Whiskey Tango Foxtrot

Posted by Joel Copling on March 3, 2016

Here is a nice surprise: The advertisements for "Whiskey Tango Foxtrot" rather deceptively sold the film as the consummate Tina Fey comedy--amusing and, above all, silly in an affectionate way. The reality is a bit more complex than that, especially considering the fact that the film is, instead, a dramedy that happens to star the actress and comedienne in the role of real-life journalist Kim Barker (whose surname in this dramatization loses the first "r" and upon whose book Robert Carlock's screenplay is based). There are moments of light, comic material, but the main thrust is dramatic in nature. A little is lost in translation as her romantic fate is made a far more central focus than it needs to be, but it is of no matter.

Glenn Ficarra and John Requa's film is perceptive about both sides of a touchy international crisis. The setting is the interim of three years (2003 to 2006) in the company of Kim Baker as the journalist who formerly wrote news copy is sent to the front lines in Afghanistan to report on the activities of our military forces in the region. There are no politics here of the Washington, D.C., kind--only the duty of a news organization that wants to document the truth of the War on Terror to its viewing audience. The story must reach a conclusion eventually, and it's not an enormous surprise when Geri Taub (Cherry Jones), the head of the station, tells Kim that there is no audience for such a story anymore.

It certainly isn't what Kim wants to hear after more than two years spent in occasionally the direct line of fire from Afghan insurgents. By this point, she's had to extend her stay in the Middle Eastern country, originally intended to be three months, to more than 24. Her fiance couldn't remain faithful in the face of such a commitment, her partner when she arrives Tanya Vanderpoel (Margot Robbie) is as nice as she is self-reliant (sometimes in a less-than-agreeable way), and the locals doubly treat her with contempt when she deigns both to speak to the men and to have her head occasionally uncovered in public. The toll upon her is considerable: This situation is the water, and she is the fish.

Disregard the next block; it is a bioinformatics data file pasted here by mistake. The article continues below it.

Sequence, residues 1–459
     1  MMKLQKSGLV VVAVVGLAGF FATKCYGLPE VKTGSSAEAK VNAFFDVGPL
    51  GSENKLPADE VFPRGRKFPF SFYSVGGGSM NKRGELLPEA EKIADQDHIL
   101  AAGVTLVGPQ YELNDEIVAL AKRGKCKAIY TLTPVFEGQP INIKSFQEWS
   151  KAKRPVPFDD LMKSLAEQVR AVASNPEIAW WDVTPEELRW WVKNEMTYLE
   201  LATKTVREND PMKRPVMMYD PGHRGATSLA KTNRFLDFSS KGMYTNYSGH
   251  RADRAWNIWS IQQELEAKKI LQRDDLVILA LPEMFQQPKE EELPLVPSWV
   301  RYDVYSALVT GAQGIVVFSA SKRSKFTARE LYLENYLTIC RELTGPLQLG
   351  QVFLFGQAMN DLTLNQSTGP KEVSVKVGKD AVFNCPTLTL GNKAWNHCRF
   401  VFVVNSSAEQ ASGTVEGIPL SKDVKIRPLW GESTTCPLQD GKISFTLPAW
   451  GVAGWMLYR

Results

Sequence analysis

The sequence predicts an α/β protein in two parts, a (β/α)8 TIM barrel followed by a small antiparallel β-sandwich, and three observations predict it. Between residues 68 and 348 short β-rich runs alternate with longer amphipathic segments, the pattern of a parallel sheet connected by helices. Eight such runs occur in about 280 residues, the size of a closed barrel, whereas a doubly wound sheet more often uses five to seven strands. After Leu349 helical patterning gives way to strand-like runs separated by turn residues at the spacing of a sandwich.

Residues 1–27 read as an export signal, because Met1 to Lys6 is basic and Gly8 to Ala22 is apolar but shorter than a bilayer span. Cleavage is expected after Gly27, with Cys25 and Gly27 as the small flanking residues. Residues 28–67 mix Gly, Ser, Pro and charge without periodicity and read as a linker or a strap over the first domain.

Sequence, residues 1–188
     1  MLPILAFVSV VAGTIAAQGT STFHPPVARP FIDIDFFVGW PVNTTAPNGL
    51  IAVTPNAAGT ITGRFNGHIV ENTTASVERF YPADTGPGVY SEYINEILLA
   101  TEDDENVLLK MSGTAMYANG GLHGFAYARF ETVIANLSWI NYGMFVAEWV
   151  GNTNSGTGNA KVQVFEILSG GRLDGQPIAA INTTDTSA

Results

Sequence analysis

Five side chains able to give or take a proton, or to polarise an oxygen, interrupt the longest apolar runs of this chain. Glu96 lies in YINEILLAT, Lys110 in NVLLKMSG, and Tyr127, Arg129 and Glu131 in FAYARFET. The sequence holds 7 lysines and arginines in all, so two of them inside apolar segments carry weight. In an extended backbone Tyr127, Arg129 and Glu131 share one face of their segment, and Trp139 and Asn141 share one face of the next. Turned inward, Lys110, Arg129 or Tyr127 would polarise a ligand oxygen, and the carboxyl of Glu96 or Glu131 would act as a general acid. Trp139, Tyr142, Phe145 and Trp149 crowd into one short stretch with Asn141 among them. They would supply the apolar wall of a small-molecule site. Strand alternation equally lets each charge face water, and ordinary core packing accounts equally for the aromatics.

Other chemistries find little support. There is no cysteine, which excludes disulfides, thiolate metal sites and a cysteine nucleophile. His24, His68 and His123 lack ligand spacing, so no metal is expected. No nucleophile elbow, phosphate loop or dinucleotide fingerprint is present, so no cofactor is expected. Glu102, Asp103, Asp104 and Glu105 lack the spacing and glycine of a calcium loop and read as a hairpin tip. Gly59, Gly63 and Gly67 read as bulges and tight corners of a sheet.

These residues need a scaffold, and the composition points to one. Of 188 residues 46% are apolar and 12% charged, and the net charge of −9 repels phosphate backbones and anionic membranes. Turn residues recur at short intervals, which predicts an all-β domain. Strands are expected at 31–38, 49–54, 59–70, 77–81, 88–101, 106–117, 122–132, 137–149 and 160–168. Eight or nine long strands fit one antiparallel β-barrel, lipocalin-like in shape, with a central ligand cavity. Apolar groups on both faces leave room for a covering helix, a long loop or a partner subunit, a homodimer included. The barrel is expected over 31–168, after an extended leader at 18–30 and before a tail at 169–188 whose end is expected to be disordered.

The central focus of the story, though, largely concerns the other side of the conflict. She is given protection by a reluctant commanding officer (Billy Bob Thornton) in the form of Fahim (Christopher Abbott), an interpreter who largely spares her direct translation. Together, they trawl across the sand-dry city of Kabul (and several others later) to interview the political (and terrorist) leaders housed (or hiding) in the city. Ali Massoud Sadiq (Alfred Molina) even fancies himself a friend of Kim's. She also befriends Ian MacKelpie (Martin Freeman), a Scottish war reporter who's seen kidnap multiple times and with whom Kim strikes up a sweet-natured flirtation.

The undoubted secret weapon in the film's arsenal, though, is Fey, who excels here as a woman in an unfamiliar series of circumstances to which she become accustomed quickly. Her life depends on it, and all the comedic additions to urgent material cannot fully take away the desperation of her situation. Fey's performance rises to that occasion and builds a complex character, to boot. It's almost a disappointment that the third act's tension is largely (even with kidnap as the set-up for a "Zero Dark Thirty"-esque climax scored to a Radiohead song) romantic in nature. Luckily, the desperation is ultimately what drives "Whiskey Tango Foxtrot," an effective study of political and journalistic squabbling in the midst of warfare.

Film Information

Tina Fey (Kim Baker), Margot Robbie (Tanya Vanderpoel), Martin Freeman (Ian MacKelpie), Christopher Abbott (Fahim Ahmadzai), Billy Bob Thornton (Gen. Hollanek), Alfred Molina (Ali Massoud Sadiq), Nicholas Braun (Tall Brian), Stephen Peacocke (Nic), Sheila Vand (Shakira Khar), Evan Jonigkeit (Coughlin).

Directed by Glenn Ficarra and John Requa and written by Robert Carlock, based on the book "The Taliban Shuffle: Strange Days in Afghanistan and Pakistan" by Kim Barker.

Rated R (pervasive language, sexual content, drug use, violent war images).

112 minutes.

Released on March 4, 2016.